Three predictions for British politics in 2018
THIS will be a year of two halves in British politics. The first six months will be dominated by drift. Theresa May will hold on as prime minister despite backbench discontent. Brexit will slouch ahead despite a growing sense of angst. The second half of the year will bring the possibility of high drama—of Parliament voting against Mrs May’s draft deal with the European Union, of the government collapsing, and of Jeremy Corbyn entering Downing Street. This column will offer two firm predictions for the era of drift and a more tentative one for the era of drama.
The first prediction is that the House of Lords will play a more prominent role than it has since before the first world war, when the Lords tried to block the Liberal government’s reforms and David Lloyd George, the chancellor of the exchequer, mocked them as “five hundred men accidentally chosen from among the ranks of the unemployed”. The Lords have a constitutional duty to scrutinise the EU withdrawal bill, which is making its way through the Commons. But the scrutiny could easily flare into a political crisis, given that a majority of peers strongly oppose Brexit.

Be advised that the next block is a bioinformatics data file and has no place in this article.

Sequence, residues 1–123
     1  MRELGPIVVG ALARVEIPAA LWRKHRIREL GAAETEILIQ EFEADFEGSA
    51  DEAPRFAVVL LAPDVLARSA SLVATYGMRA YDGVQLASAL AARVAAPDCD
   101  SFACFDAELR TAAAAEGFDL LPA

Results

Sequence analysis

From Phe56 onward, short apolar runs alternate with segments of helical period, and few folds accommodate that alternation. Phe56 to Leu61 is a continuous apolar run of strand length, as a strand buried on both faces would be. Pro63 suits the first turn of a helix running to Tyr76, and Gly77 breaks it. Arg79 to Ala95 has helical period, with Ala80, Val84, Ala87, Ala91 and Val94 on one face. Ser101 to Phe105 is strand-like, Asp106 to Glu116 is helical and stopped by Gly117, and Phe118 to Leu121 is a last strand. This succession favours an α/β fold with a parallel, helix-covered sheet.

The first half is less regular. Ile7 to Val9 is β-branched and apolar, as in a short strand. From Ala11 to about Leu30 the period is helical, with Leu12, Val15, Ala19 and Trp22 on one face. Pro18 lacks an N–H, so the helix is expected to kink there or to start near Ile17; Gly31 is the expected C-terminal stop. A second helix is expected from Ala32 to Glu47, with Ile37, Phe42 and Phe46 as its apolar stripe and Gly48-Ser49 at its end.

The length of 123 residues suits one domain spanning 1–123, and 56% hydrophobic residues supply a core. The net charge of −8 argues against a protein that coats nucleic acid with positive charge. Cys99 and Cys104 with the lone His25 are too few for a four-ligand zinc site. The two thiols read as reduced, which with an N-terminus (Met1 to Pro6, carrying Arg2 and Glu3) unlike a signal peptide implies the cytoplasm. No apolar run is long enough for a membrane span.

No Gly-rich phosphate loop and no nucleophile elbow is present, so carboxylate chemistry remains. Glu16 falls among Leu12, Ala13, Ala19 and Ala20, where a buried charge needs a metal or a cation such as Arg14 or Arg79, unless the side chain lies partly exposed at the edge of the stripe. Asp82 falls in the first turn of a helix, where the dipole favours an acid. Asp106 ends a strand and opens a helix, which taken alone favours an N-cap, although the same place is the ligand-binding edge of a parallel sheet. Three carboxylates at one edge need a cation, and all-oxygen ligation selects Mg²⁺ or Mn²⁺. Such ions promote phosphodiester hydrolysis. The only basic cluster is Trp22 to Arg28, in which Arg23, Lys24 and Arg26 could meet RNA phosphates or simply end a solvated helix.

Some leading Lords are spoiling for a fight with the government. Andrew Adonis, a Labour peer, has resigned as chairman of the government’s infrastructure commission to devote himself to stopping Brexit. Michael Heseltine, a Tory, has said that he regards Jeremy Corbyn’s Labour Party as less of a threat to the country than Brexit. Others worry that the withdrawal bill hands vast powers to the executive, which will use them to water down employment and other rights currently enshrined in EU law.